Kuba Helmet Mask, Bushoong, Central Congo Region, Democratic Republic of the Congo
height (without beard) 14 1/4in (36.2cm)
Wood, glass beads, skin/hide, cloth, hair, metal, shell
Henri Kamer, New York and Paris
Private Collection, New York
Carved wooden helmet mask of hollowed form with a large domed forehead, large prominent pierced nose, closed eyes and oval mouth; large carved ears and a carved diamond motif on face overall, metal sheeting (copper alloy) on forehead, facial cheeks and mouth, the top of the head with cloth and cowrie shell, the cloth extending down sides of head and back areas. Small red and white beads on forehead, larger black, white & blue beads on top of head, over tops of eyes, across face, down nose and around the mouth, black, blue and white beads in lattice motif on back of head; red beads, black beads & cowries shells along bottom of face. Cowrie shells on sides of head and hair remnants on top of head, the beard of cloth, cowrie and animal hide/skin; dark brown patina overall.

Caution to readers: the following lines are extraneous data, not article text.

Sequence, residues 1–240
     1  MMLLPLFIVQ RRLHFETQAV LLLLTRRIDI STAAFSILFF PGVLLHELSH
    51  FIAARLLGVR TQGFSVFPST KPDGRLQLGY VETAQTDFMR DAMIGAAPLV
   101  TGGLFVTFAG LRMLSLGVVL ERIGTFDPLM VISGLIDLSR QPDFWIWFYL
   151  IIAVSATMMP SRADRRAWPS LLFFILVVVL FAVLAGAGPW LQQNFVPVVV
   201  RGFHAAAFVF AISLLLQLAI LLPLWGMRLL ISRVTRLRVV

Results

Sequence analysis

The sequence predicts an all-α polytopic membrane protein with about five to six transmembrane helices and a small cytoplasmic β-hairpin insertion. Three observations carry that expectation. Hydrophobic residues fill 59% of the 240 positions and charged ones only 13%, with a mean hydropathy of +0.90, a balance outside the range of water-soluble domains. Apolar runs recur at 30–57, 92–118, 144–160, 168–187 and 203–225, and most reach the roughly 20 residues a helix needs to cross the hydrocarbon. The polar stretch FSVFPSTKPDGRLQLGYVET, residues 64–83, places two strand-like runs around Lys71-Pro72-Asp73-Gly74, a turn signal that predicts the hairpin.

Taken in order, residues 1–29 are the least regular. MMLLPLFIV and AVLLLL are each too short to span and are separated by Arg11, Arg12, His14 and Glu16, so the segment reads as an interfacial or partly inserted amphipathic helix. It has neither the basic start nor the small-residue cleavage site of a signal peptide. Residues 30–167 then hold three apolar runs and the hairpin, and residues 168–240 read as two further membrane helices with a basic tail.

Cf. Museum of Fine Arts, Boston, Mass., accession no. 1994.414
"Kuba mythology revolves around three figures, each represented by a masquerade character: Woot, the creator and founder of the ruling dynasty; Woot's spouse; and Bwoom. Bwoom's specific identity varies according to different versions of the myth. He may represent the king's younger brother, a person of Twa descent, or a commoner. Embodying a subversive force within the royal court, the Bwoom masquerade is often performed in conflict with the masked figure representing Woot." (Brooklyn Museum, New York)